Broadcasters have more friends in high places, as in on The Hill, for their effort to sunset the satellite distant signal license, though that is itself a high hill to climb. “It is clear that the distant signal license has outlived its usefulness,” said Rep. Jared Golden in a letter to the leadership of the House Energy & Commerce and Judiciary Committees, which together will consider how and whether to renew the STELAR Act.
The MVPDs are pushing the Local Choice alternative to retransmission consent in the pending STELAR home satellite renewal legislation as it did in 2014. So, TVNewsCheck is posting broadcast attorney Jack Goodman’s 1,564-word argument against the proposal as it did in 2014.
Danny O’Brien, who heads up Fox’s lobbying arm in D.C., has hit the ground running today, day one of the new Fox Corp. He has been ramping up the operation for the past four months, including for what will be a months-long battle with cable operators over renewal of the Satellite Television Extension and Localism Act Reauthorization (STELAR) act.
A smorgasbord of topics this week: (1) I don’t know it for a fact, but I know that it’s true that Charlie Ergen is the money behind Locast, the OTT service that is streaming local broadcast signals. (2) Retrans is also under attack from STELAR, the law that empowers satellite operators to import distant signals of network O&Os into areas where subscribers cannot receive local affiliates off air and is up for renewal. (3) With the emergence of the new Fox Corp. this week, a forecast finds that most of its broadcast fee growth will come from reverse comp. (4) A tip of the hat to FCC Comish Michael O’Rielly for taking on the Justice Department, which has been stepping on the FCC’s turf regarding local TV ownership rules.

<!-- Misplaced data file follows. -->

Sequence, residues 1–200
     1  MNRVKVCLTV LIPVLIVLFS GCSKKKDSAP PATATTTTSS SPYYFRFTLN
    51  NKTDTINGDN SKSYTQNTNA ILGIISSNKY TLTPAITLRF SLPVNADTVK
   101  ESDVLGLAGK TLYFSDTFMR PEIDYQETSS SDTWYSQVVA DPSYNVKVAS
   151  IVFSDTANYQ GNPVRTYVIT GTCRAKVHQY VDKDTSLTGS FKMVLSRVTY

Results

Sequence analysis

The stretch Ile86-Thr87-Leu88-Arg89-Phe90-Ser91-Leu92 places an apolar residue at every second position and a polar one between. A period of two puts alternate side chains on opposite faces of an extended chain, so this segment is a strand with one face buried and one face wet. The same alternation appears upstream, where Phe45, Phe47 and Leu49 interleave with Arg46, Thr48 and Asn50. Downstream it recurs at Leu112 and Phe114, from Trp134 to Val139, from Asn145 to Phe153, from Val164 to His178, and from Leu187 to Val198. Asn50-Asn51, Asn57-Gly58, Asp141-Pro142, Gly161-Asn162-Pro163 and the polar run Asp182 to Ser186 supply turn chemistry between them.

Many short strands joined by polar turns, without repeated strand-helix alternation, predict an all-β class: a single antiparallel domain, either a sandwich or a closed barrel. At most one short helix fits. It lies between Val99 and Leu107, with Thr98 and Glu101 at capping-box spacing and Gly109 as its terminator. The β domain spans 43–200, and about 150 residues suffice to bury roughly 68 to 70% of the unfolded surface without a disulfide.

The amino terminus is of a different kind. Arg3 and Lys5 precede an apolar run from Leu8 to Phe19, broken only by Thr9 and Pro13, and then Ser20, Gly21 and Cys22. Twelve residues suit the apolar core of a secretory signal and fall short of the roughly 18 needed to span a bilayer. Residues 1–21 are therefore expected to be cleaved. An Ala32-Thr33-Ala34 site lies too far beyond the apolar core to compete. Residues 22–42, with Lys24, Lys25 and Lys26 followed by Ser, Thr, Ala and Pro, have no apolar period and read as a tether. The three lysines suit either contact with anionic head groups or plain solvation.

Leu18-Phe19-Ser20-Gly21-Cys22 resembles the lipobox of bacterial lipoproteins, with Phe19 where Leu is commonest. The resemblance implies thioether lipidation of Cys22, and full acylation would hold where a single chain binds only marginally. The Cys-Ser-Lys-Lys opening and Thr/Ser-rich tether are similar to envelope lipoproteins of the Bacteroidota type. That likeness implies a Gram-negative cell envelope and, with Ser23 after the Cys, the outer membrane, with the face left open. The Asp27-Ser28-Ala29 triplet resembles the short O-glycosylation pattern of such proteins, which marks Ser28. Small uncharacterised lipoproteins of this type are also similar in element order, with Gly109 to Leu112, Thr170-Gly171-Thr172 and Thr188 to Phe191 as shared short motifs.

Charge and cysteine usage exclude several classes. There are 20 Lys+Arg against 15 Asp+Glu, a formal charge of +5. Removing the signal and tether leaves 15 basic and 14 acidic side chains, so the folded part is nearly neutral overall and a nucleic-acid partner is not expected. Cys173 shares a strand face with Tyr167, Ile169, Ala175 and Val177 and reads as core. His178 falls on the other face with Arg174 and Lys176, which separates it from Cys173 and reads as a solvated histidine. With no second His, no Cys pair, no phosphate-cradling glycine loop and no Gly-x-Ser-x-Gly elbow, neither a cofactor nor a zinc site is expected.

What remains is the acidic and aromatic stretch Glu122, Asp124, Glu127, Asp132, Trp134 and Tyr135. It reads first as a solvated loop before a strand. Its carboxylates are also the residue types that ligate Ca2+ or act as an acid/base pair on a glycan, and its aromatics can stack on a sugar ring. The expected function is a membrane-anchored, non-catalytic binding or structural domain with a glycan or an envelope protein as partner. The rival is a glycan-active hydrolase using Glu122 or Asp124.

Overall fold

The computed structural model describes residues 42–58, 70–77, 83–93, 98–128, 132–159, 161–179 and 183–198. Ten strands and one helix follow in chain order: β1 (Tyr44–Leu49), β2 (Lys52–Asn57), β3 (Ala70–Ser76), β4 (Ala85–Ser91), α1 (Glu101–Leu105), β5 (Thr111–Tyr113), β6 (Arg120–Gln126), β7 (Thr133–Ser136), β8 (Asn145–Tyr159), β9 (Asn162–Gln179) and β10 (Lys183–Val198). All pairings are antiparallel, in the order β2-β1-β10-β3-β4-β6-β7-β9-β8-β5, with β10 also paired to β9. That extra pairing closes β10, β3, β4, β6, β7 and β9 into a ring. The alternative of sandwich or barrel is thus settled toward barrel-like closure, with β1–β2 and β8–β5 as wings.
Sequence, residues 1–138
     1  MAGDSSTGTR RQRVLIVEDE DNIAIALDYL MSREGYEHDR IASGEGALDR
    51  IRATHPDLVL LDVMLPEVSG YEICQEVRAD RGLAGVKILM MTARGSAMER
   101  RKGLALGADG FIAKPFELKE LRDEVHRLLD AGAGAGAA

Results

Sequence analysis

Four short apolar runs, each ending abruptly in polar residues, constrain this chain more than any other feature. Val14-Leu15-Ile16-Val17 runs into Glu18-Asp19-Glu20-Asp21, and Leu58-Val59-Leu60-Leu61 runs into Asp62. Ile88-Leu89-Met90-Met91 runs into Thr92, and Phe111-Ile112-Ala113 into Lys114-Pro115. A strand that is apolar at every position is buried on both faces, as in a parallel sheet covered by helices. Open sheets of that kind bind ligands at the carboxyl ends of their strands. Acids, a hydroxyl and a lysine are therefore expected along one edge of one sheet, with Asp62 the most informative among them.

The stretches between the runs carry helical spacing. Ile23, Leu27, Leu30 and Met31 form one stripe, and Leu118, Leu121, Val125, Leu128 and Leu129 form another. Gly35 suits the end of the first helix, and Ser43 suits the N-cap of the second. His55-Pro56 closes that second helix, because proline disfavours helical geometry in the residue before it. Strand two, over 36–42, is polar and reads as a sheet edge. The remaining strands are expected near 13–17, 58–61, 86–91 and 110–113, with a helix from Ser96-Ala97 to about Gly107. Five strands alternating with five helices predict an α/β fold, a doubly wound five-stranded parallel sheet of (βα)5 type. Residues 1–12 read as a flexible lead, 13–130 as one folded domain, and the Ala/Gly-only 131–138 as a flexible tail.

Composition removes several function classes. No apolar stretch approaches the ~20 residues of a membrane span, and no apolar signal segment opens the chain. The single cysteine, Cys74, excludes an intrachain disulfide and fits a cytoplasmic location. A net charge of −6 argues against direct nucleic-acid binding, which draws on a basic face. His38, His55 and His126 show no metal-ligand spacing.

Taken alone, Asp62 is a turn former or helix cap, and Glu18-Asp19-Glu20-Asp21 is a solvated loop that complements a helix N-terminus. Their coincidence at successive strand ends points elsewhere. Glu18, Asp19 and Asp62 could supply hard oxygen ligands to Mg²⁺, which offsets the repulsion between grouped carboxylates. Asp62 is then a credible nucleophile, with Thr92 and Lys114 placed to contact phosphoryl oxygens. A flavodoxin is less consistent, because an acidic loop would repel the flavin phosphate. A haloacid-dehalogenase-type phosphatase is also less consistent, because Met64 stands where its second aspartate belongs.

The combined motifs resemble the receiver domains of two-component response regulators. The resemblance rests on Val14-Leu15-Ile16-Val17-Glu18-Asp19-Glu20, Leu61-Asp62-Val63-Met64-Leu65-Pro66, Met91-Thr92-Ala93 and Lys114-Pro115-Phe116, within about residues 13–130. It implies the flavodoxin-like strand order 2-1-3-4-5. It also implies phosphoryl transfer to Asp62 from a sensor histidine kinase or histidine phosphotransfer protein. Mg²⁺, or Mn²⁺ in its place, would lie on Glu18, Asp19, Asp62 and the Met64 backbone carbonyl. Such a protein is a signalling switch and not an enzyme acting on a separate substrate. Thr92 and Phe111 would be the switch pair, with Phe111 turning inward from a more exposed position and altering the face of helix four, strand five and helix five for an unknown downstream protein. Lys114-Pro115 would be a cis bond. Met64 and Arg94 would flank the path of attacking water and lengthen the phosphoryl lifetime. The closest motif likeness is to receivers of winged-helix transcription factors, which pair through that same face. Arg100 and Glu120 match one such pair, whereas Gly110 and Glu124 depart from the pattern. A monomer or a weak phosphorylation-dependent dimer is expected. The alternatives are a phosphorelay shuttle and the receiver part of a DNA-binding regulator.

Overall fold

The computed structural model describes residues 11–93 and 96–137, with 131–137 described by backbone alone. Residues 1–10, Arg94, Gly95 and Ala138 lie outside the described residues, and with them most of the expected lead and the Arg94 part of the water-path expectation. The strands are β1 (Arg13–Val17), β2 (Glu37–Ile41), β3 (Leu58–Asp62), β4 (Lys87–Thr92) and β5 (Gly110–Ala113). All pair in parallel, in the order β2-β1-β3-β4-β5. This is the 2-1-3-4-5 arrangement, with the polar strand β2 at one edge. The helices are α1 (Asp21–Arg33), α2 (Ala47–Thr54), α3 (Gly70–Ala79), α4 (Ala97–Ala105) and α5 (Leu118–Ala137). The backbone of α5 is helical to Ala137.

The lawmakers from Colorado and Wyoming say the satellite operator’s offering of distant signals from New York and Los Angeles in place of local affiliates in 12 small markets is “unacceptable” and “must end.”
Broadcasters, led by the NAB, are urging lawmakers to let the Satellite Television Extension and Localism Act Reauthorization, or STELAR, expire on Dec. 31. STELAR is at the top of NAB’s legislative hit list in part because it has morphed into a tool that one company in particular — DirecTV — has been using to bypass stations and retransmission consent fees in up to a dozen markets. But of larger concern is that cable and satellite operators will use the legislation as a vehicle to weaken broadcasters’ retransmission consent rights.
With the Satellite Television Extension and Localism Act Reauthorization (STELAR) set to expire at the end of the year, the American Cable Association’s Ross Lieberman was optimistic there could be some retransmission consent reform included in its renewal.
The National Association of Broadcasters is circulating a policy paper on Capitol Hill advocating for not renewing the STELAR law (Satellite Television Extension and Localism Act) when it expires at the end of 2019. STELAR reauthorizes the satellite compulsory distant signal license for five years. But last time around it was also a vehicle for some cable-friendly changes to retrans, including renewing the FCC’s enforcement of good faith retrans negotiations and extending the commission’s prohibition on coordinated retrans negotiations among noncommonly owned TV stations in a market from the top four to all stations.